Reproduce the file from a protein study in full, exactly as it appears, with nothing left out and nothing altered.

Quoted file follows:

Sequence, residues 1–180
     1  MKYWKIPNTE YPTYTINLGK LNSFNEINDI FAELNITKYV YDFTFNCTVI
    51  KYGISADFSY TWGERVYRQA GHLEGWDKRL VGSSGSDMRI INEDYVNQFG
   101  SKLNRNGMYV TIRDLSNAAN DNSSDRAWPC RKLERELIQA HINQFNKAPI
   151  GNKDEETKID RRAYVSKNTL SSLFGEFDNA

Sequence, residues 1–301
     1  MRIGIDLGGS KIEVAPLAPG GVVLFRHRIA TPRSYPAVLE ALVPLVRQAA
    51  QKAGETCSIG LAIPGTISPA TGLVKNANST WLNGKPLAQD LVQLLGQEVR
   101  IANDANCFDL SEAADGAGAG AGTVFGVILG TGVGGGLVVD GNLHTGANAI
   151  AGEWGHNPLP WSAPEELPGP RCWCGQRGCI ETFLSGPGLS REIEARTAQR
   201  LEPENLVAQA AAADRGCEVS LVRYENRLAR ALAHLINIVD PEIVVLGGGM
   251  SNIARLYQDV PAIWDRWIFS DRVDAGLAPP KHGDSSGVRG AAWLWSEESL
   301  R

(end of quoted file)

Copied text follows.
Sequence, residues 1–180
     1  MKYWKIPNTE YPTYTINLGK LNSFNEINDI FAELNITKYV YDFTFNCTVI
    51  KYGISADFSY TWGERVYRQA GHLEGWDKRL VGSSGSDMRI INEDYVNQFG
   101  SKLNRNGMYV TIRDLSNAAN DNSSDRAWPC RKLERELIQA HINQFNKAPI
   151  GNKDEETKID RRAYVSKNTL SSLFGEFDNA

Sequence, residues 1–301
     1  MRIGIDLGGS KIEVAPLAPG GVVLFRHRIA TPRSYPAVLE ALVPLVRQAA
    51  QKAGETCSIG LAIPGTISPA TGLVKNANST WLNGKPLAQD LVQLLGQEVR
   101  IANDANCFDL SEAADGAGAG AGTVFGVILG TGVGGGLVVD GNLHTGANAI
   151  AGEWGHNPLP WSAPEELPGP RCWCGQRGCI ETFLSGPGLS REIEARTAQR
   201  LEPENLVAQA AAADRGCEVS LVRYENRLAR ALAHLINIVD PEIVVLGGGM
   251  SNIARLYQDV PAIWDRWIFS DRVDAGLAPP KHGDSSGVRG AAWLWSEESL
   301  R